• student Unions being overly cautious for fear of breaking the rules
  • unnecessary bureaucracy imposed on those organising events
  • fear and confusion over what the Prevent Duty entails
  • unduly complicated and cautious guidance from the Charity Commission.

Recommendations

  • That an independent review of the Prevent policy is necessary to assess what impact it is having on students and free speech, after evidence the Committee took demonstrated an adverse effect on events with student faith groups
  • That the Charity Commission, which regulates student unions as registered charities, review its approach and guidance, and that its actions are proportionate and are adequately explained to student unions and don’t unnecessarily limit free speech
  • That the Office for Students should ensure university policies proactively secure lawful free speech and are not overly burdensome
  • That student societies should not stop other student societies from holding their meetings.  They have the right to protest but must not seek to stop events entirely
  • That while there must be opportunities for genuinely sensitive discussions, and that the whole of the university cannot be a “safe space.” Universities must be places where open debate can take place so that students can develop their own opinions on unpopular, controversial or provocative ideas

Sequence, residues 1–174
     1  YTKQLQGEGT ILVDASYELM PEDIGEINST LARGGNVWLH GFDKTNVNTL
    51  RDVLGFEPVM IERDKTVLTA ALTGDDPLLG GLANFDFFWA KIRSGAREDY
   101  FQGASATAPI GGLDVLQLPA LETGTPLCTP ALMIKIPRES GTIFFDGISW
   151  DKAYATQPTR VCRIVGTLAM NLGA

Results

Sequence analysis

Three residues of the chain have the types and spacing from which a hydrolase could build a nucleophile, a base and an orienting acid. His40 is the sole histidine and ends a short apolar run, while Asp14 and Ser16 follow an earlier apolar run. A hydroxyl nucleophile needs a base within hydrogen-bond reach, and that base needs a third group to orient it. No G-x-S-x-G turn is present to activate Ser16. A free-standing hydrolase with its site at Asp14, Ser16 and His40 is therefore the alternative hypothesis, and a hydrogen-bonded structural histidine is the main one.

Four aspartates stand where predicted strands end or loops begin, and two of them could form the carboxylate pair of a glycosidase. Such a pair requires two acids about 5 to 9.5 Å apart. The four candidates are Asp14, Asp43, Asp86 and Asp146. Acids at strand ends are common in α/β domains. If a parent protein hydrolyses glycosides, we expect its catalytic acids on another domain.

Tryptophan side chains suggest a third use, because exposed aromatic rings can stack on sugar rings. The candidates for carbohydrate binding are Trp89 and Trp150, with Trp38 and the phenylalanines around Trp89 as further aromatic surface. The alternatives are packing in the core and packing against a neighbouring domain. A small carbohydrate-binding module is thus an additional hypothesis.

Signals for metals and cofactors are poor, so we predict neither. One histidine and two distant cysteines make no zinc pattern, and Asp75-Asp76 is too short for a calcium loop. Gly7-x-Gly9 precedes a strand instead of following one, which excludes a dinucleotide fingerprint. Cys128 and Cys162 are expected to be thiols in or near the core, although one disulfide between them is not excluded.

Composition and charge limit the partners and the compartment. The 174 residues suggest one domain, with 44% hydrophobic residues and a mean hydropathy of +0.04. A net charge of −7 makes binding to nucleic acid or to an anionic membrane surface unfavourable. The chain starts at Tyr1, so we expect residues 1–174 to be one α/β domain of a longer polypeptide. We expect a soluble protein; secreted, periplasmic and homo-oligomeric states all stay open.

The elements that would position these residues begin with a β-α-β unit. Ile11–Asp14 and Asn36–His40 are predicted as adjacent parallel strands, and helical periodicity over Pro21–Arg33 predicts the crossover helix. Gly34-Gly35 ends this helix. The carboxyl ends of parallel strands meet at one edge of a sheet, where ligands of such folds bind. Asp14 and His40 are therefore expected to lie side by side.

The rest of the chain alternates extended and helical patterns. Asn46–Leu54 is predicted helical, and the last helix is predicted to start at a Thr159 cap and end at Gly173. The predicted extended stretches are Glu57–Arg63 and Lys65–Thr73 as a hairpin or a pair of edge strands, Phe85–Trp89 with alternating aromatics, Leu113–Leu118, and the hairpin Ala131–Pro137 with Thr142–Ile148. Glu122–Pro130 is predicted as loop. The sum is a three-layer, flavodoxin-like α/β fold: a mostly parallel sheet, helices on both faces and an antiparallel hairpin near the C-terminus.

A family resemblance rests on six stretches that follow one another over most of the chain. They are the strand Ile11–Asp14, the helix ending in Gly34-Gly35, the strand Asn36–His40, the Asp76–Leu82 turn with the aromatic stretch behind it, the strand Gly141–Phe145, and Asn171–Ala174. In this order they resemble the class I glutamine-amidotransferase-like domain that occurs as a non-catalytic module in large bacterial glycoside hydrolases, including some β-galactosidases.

• Groups or individuals holding unpopular opinions which are within the law should not be shut down nor be subject to undue additional scrutiny by student unions or universities.

Chair of the Committee, Harriet Harman MP, said:

  • “Freedom of speech within the law should mean just that – and it is vital in universities. Evidence to the Joint Committee on Human Rights showed that there is a problem of inhibition of free speech in universities. While media reporting has focussed on students inhibiting free speech – and in our report we urge universities to take action to prevent that – free speech is also inhibited by university bureaucracy and restrictive guidance from the Charity Commission. We want students themselves to know their rights to free speech and that’s why we’ve issued a guide for students today.”

Some particular points to note:

  • 41 The imposition of unreasonable conditions is an interference on free speech rights. We do not, for example, consider it a reasonable condition that, if a speaker gives an assurance that their speech will be lawful, they be required to submit a copy or outline of their speech in advance.
  • 42 In our view, freedom of expression is unduly interfered with:
    • when protests become so disruptive that they prevent the speakers from speaking or intimidate those attending;
    • if student groups are unable to invite speakers purely because other groups protest and oppose their appearance; and
    • if students are deterred from inviting speakers by complicated processes and bureaucratic procedures.
      It is clear that, although not widespread, all these problems do occur and they should not be tolerated.